We saw an overall increase in exhibitor and sponsor participation this year, with 270 attendees (up 10 percent from last year) and 54 exhibitors. Excluding speakers and exhibitors, 54% of our attendees had primary job functions in Research and Development or as Chemists.
A highlight of CTT this year was our keynote speaker, Mark Tomlinson, CEO of the Society of Manufacturing Engineers. He discussed the manufacturing renaissance that is taking place right now. There are many re-shoring efforts underway as companies realize the only way our economy is going to survive is if we make things in the United States. Tomlinson noted that while we continue to see reports in the press regarding job losses and unemployment, what we don’t see is the serious shortage of skilled labor in our country. Many companies can’t fill job openings because there aren’t enough workers with the skills required. There is a serious skills gap right now, and before companies can move full steam ahead on bringing manufacturing back to the United States, we need more trades people to support the manufacturing industry. There are numerous schools across the country that offer two- and four-year degrees in various trades, and Tomlinson noted that for every trade-school graduate right now, there are five job offers.
Tomlinson also discussed the importance of innovation, stating that it is critical to the survival of manufacturing. And critical to innovation is inspiration. Tomlinson offered several interesting examples of “biomimicry” – taking the best ideas from nature – and applying them to coatings, including the extremely hard and durable red abalone shell, the self-cleaning lotus leaf, the anti-bacterial surface of shark skin, and the pigment-free color of some butterfly wings.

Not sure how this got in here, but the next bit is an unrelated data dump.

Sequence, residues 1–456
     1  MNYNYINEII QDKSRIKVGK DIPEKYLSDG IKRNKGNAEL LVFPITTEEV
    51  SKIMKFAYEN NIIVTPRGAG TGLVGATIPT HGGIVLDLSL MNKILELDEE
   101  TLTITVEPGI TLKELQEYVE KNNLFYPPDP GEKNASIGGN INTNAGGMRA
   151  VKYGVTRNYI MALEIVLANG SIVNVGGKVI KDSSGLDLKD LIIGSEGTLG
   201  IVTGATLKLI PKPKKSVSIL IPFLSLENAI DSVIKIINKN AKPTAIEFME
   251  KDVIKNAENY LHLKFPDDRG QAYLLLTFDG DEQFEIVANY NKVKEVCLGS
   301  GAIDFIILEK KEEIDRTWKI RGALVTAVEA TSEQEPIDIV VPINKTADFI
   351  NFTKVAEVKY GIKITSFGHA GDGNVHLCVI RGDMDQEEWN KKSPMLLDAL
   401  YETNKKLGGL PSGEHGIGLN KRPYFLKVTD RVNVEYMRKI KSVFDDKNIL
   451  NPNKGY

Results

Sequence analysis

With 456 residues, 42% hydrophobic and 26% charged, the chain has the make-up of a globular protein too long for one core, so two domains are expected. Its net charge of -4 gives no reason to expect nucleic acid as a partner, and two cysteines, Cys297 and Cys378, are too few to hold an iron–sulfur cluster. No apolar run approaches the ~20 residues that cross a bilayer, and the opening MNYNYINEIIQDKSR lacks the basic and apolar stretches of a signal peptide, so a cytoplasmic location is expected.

Following the keynote address on the first day, technical papers addressing green chemistry, TiO2 optimization, UV technology, additives and resins were presented along two tracks. In addition to the presentations, the exhibit hall was open, with dedicated networking time scheduled throughout the day. The second day consisted of a general session, which continued the TiO2 discussion, and also included presentations on functional pigments. All 26 papers were very helpful and thought-provoking. Based on reviews from both attendees and our moderators, I am happy to announce that our CTT Best Paper Award for 2012 is being presented to Jim Reader, of Air Products and Chemicals, Inc., for his paper titled, “Predicting Defoamer Performance in Coating Formulations.” I hope to publish this paper in a future issue of PCI.
Be on the lookout for our “save the date” announcements for next year’s CTT event, as well as the call for papers. Due to overwhelming interest we had to turn away both presentations and exhibitors this year, so don’t be left out in 2013!